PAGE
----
LivingTravelThe best cities and regions to visit in Portugal

The best cities and regions to visit in Portugal

Portugal is cheaper than Spain and has a very, very different culture. There is no flamenco, there is fado instead. They don’t have sherry, they have port. They don’t (really) do tapas, they make huge fish or meat dishes accompanied by boiled potatoes and vegetables.

But where should you go in Portugal? Below you’ll find the best cities and regions to visit in Portugal, including Lisbon, with its fado music and its medieval Alfama neighborhood, and Porto, with its world-famous port wine.

Portugal is a relatively small country and much of it is rural. As a result, you don’t have many metropolises to visit. After Lisbon and Porto (and, to a certain extent, Coimbra), the draw of visiting Portugal is its beaches and landscapes, particularly the Douro and Alentejo wine regions.


Lisbon is the largest city in Portugal and the most popular destination for visitors, and for good reason. You can try most of Portugal’s best offerings, including fado music and famous Portuguese wines (including the port).

Lisbon has all the modern conveniences you’d expect from a city, as well as the ancient charm of the winding alleys of the century-old Alfama district.

Take the night train from Madrid to Lisbon (perhaps with a stop in Salamanca).


Porto is the home of Port wine! Walk along Ribeira, the pedestrian walkway along the Douro River to enjoy beautiful views of the port wineries on the other side of the river or cross the bridge and do a port tasting while admiring the view of the city and its Antique buildings.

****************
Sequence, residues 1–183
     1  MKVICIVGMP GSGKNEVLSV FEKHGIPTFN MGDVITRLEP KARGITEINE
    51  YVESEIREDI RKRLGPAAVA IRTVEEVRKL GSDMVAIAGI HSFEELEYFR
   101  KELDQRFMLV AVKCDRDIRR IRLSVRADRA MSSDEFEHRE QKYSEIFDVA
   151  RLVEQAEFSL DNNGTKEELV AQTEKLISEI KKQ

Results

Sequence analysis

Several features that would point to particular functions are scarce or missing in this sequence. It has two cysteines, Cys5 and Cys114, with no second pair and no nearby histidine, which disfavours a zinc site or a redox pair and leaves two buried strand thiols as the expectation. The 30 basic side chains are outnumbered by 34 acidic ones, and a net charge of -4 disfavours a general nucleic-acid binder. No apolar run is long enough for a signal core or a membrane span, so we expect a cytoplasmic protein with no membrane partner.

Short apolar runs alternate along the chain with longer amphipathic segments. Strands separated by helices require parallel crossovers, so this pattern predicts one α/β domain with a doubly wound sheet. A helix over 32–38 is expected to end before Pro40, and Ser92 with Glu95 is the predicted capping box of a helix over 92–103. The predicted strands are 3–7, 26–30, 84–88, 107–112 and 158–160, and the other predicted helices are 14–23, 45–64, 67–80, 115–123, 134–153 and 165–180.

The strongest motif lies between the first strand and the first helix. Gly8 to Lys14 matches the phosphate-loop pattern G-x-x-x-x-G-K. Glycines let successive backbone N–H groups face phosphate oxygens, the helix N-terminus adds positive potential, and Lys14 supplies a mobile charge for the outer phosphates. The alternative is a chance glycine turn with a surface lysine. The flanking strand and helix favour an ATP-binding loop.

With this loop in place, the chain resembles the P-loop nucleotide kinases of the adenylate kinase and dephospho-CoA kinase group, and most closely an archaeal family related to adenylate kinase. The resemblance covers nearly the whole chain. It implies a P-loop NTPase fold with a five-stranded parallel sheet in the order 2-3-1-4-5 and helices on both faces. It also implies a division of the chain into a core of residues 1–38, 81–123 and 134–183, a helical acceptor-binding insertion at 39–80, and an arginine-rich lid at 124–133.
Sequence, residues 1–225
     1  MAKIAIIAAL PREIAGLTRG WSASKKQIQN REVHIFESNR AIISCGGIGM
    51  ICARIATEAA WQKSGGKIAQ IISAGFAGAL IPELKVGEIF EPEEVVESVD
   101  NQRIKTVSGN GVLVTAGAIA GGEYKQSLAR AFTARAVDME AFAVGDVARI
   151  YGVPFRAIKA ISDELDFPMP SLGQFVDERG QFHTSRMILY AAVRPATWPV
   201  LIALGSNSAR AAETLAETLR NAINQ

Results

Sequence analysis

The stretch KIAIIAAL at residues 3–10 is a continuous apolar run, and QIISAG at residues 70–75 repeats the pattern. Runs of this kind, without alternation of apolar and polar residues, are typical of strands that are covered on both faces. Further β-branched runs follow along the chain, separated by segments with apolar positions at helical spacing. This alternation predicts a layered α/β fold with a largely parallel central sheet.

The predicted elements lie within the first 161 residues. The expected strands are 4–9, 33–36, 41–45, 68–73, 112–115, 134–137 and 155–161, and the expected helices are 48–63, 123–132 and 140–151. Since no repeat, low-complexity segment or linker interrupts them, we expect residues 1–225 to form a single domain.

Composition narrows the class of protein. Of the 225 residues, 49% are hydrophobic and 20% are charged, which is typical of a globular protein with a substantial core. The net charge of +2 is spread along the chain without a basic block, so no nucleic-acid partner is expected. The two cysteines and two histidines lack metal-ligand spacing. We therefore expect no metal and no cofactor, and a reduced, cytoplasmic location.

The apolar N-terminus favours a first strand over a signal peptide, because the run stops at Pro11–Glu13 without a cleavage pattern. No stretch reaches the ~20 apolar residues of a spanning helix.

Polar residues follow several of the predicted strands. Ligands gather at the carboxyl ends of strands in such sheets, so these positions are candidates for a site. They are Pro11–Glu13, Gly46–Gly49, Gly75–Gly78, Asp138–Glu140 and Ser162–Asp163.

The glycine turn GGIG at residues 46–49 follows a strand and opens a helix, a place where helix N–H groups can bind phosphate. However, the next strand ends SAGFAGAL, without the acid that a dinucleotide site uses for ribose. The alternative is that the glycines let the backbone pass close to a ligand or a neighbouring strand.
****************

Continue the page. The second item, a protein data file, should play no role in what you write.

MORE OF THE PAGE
Porto is also a good place to visit the Douro Valley.

Porto is easily accessible from Galicia. Although you will need to change trains in Vigo, you can go from Santiago de Compostela to Porto in the morning.


Coimbra is famous for its own brand of fado music (known as Coimbra fado). If you visit while the university is in session, you can see the students dressed in their traditional black robes and capes.

Coimbra is not a very big city, so it can be easily explored on foot.

Faro and the Algarve

While Faro may not be the destination of choice among all the places in the Algarve, it does offer a few attractions, including an old town and even a couple of beaches that are easily accessible from the city center.

Faro is also a great starting point for the rest of the Algarve, as it has an airport and serves as a bus and train hub for the region.

Evora and the Alentejo

Evora is famous for its university, but it is certainly not just a university town. Evora has one of the best medieval cities in Portugal, designated a World Heritage Site by UNESCO.

Evora is also a good place to explore the Alentejo region, including its wines!


Although Braga is the third largest city in Portugal, it has a laid-back attitude that can be easily enjoyed on foot. However, it still shows signs of its medieval past and boasts a 12th-century cathedral, among other attractions. However, the real draw is the Sanctuary of Bom Jesus, which is located on the outskirts of the city. Located on top of a hill offering views of Braga, one can climb the incredible zigzag baroque staircase or take the funicular to the sanctuary


Guimaraes was elected European Capital of Culture for 2012 and with the opening of the Vila Flor Cultural Center in 2005, one does not wonder why. Guimaraes is not just about modernity. It has a medieval center and a 1000-year-old castle. And if you fancy some fresh air, you can take a cable car to a park that overlooks the city.

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